Andy Thomson – Mad Scientist of Muay Thai | Patreon Muay Thai Library
above, 5 minutes of my 56 minute session with Andy Thomson. The full Muay Thai Library can be immediately accessed for a suggested pledge of $5.
Andy Thomson is a legend in the North of Thailand. He and his partner Pom started the Lanna Muay Thai camp (Thai name Giatbusaba) over 20 years ago and are responsible for the first wave of western fighters having the Thailand training/fighting experience up in the North. They also brought up Thai boys, who have achieved titles and fame (Nong Toom, the “Beautiful Boxer” is from Giatbusaba) and a great number of the current camps in the Chiang Mai area are headed by trainers who spent some of their formative years at the Lanna camp. Having worked as a trainer for over two decades in the country, Andy has been a mentor, father figure, and practically a guru for countless fighters over those years. It’s not hard to understand why, as even just short exposure to Andy, when he explains a technique or a concept to you, has become such a legend. He has an incredibly active mind and is always thinking of new and better ways to do things, carving them out of old and very practical methods for strength, conditioning, and technique.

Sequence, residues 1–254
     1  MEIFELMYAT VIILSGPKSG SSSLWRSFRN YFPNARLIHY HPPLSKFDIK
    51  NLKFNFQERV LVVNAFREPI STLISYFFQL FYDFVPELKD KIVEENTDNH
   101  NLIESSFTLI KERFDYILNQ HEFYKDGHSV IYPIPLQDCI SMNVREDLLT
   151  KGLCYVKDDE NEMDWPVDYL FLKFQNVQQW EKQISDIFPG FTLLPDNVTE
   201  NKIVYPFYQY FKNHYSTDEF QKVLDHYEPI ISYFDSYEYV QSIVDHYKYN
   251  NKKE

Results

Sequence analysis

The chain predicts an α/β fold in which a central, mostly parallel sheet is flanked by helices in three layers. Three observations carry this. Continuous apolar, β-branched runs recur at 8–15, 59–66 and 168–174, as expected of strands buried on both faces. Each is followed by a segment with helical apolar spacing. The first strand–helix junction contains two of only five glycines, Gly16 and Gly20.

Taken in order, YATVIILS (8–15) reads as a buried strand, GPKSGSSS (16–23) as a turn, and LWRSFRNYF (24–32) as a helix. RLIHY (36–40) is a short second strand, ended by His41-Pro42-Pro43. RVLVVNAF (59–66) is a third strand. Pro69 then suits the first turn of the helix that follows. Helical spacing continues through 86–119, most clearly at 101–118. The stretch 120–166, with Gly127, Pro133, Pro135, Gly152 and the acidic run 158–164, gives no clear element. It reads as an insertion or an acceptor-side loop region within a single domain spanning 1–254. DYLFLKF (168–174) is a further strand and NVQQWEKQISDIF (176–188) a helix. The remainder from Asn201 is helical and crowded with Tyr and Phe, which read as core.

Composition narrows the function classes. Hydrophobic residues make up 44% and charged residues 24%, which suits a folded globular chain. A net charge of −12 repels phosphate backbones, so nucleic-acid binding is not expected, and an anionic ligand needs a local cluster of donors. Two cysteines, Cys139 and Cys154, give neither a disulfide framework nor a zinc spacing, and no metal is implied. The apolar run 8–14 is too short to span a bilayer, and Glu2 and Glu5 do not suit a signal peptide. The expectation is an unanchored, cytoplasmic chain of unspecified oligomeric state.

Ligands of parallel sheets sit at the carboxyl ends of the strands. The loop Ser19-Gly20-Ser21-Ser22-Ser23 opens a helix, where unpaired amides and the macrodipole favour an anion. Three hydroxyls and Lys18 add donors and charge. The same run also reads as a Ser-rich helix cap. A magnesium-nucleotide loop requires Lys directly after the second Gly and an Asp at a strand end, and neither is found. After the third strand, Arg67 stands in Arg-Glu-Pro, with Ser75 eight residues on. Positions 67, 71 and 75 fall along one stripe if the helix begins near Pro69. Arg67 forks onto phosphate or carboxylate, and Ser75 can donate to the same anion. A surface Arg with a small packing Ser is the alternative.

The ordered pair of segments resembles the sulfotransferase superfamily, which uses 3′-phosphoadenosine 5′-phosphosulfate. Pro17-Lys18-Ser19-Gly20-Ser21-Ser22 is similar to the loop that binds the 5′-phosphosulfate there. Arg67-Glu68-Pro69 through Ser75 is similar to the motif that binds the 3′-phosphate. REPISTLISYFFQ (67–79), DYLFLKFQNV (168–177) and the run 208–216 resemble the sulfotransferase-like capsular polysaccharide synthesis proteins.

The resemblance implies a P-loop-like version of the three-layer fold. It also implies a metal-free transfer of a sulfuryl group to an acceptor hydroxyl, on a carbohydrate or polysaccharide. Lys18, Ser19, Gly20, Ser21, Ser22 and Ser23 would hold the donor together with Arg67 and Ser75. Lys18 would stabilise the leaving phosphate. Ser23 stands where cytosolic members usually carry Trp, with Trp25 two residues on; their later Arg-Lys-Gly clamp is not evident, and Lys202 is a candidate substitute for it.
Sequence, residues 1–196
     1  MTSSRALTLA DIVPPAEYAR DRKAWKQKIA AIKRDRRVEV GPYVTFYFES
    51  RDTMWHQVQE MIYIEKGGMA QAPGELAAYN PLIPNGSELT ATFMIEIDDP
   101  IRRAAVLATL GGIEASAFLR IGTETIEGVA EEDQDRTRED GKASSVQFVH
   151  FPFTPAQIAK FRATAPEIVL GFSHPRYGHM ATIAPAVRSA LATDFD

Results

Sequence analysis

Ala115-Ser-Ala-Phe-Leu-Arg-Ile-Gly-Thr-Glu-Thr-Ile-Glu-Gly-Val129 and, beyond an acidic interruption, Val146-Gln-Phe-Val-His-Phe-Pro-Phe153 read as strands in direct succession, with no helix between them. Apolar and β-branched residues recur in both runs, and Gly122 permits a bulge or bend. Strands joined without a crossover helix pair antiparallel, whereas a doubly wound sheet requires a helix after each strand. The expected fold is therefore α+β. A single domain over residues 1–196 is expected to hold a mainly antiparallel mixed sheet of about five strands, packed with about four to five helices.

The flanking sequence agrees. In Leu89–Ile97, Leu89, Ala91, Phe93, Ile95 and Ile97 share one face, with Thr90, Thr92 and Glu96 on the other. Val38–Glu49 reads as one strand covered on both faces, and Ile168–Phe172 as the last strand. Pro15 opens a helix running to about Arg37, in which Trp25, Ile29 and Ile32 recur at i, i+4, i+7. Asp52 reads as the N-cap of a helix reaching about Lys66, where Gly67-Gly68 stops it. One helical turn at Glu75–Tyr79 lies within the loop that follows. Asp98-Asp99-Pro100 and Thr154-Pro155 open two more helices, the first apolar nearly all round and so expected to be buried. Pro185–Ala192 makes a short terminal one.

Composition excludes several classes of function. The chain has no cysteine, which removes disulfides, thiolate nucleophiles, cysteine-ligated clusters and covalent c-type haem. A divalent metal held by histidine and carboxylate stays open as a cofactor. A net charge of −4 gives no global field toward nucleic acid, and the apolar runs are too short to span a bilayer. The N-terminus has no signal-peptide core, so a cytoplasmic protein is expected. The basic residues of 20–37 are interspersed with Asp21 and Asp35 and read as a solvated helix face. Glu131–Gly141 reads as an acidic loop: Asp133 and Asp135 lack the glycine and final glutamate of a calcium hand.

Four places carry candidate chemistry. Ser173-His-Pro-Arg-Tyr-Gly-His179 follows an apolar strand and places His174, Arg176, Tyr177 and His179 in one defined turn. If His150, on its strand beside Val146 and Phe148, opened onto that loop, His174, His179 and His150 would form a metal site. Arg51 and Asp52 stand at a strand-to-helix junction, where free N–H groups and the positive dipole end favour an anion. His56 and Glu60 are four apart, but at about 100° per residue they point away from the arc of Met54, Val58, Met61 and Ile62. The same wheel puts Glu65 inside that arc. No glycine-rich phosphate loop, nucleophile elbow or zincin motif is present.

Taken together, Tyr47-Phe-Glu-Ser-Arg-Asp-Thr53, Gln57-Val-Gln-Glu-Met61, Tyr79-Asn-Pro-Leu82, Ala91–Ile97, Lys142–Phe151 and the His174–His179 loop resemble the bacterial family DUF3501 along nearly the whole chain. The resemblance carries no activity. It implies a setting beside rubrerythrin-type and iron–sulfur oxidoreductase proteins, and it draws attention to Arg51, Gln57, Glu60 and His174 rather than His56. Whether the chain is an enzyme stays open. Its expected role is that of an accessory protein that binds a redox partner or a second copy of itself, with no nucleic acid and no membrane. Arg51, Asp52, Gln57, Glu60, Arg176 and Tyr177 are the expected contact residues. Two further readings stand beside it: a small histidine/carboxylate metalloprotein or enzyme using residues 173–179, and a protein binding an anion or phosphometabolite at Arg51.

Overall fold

When I shot this video I hadn’t trained with Andy in probably a couple years, as he departed from Lanna shortly after I arrived there and retreated to his Doi Modt “Hill Camp,” which is something of a bootcamp hideaway in the hills of Chiang Rai. He has currently moved from there and is a trainer in Hua Hin at Cong Carter Gym. Up there, taking on small groups of devotees to sleep in straw bungalows and train under the grass roof with improvised equipment, Andy created a perfect little test kitchen for his “mad scientist” approach to Muay Thai. In this 5 minute video he explains the reasons behind his style of pad-holding. Andy is the only person I’ve seen hold pads the way he does; I’ve seen other trainers try to emulate it but to no avail. Same concepts, but Andy’s been perfecting it for over 20 years. He holds the pads very close to his body and kind of catches the strikes in a soft “cradling” of the strike, almost like how a catcher allows the baseball to just drop into his mitt. By keeping the pads so close to his body and not reaching out, as so many padholders do, Andy is able to get his students to map their strikes onto an opponent’s body. This collapses the subconscious differences between hitting a bag or pad and hitting a moving opponent – someone with an actual body. In the first bit he explains how you can push back a little bit on the strikes to build endurance, as a technique to tire your student out, but he still only really leans into the strikes rather than reaching for them. He also explains how telling even a new student to kick through the target, rather than aiming for the surface of the pad, improves everyone’s kick. This is one of Andy’s specialties: he explains concepts in an incredibly approachable and accessible manner, so you can adjust your technique immediately. There is also no “right” or “wrong,” but only the effectiveness – do what works for you. At the end of the video he explains how he’s come to use no-pad sparring with his students in order to really teach control and understanding of one’s movements and techniques.